As is well known, if f() is linear function then there exists a matrix A such that for any Y=f(X), where X and Y are array-valued input/output arguments, the operation can equivalently be expressed Y(:)=A*X(:). In MATLAB, we are often given linear operations f() in function form only, but need the matrix form to do linear algebraic manipulations: transpose, pseudo-inversion, etc... Examples of such operations are INTERPN, RADON, IMTRANSFORM, etc...
The file FUNC2MAT in this submission computes the matrix A given a handle, fun, to any linear function
Here Xtypical is just some sample input argument to tell the code the dimensions and class of the input to fun().
The approach to computing A is largely brute force. If A is MxN, then the code works essentially by applying fun to each column of eye(N) in a loop. However, options are available to leverage the Parallel Computing Toolbox if you have it
This assumes a matlabpool is already open. By default, A is computed as a sparse matrix, but if sufficiently small/dense, it is sometimes more efficient memory-wise and speed-wise to compute A in full form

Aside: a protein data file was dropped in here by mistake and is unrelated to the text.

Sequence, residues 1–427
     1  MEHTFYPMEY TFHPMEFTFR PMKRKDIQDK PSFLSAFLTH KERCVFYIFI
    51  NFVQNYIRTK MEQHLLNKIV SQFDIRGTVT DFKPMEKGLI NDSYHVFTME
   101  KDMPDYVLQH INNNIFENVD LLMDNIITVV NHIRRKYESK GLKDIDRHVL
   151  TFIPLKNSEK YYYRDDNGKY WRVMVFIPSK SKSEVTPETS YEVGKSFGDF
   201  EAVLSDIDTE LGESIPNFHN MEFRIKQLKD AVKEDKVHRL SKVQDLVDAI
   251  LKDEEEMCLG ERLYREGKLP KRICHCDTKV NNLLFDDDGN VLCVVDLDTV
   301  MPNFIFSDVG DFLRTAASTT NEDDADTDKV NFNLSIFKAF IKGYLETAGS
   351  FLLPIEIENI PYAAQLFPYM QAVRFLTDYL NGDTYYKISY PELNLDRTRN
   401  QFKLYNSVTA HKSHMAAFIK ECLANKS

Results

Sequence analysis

I would mention that this code is not the solution I would prefer to anything. In my perfect world, TMW would provide efficient function-form transposes and inverses, etc... to INTERPN, IMTRANSFORM, and every other linear code routine they provide. But since that is not feasible, this brute force approach is often the only alternative.
Frequent instances where the matrix form is needed are parameter estimation problems that one wishes to solve with the Optimization Toolbox. For example, consider the simple super-resolution problem where we have a noisy 300x300 image Y1 of some object and a noisy 300x300 image of the same object Y2, but rotated 30 degrees. We can fuse Y1 and Y2 into a less noisy image X by minimizing the least squares cost function
f=@(X) norm(Y1-X,'fro')^2 + norm(Y2-imrotate(X,30),'fro')^2
This minimization can be done using LSQNONLIN or FSOLVE. However, these solvers use finite difference approximations which would be very costly when f is expressed as above.
Using FUNC2MAT, however, I can solve this non-iteratively follows,
A=func2mat(@(X) imrotate(X,30), zeros(300));
Or, if I wish to impose constraints on X, e.g., positivity, I can still use iterative solvers in the Optimization Toolbox, but because I have the function in matrix form, I can supply my own gradient computation using GradObj='on',
which will be much faster than with finite difference gradient approximations.
Matt J (2021). FUNC2MAT: Convert linear function to matrix (https://www.mathworks.com/matlabcentral/fileexchange/44669-func2mat-convert-linear-function-to-matrix), MATLAB Central File Exchange. Retrieved .
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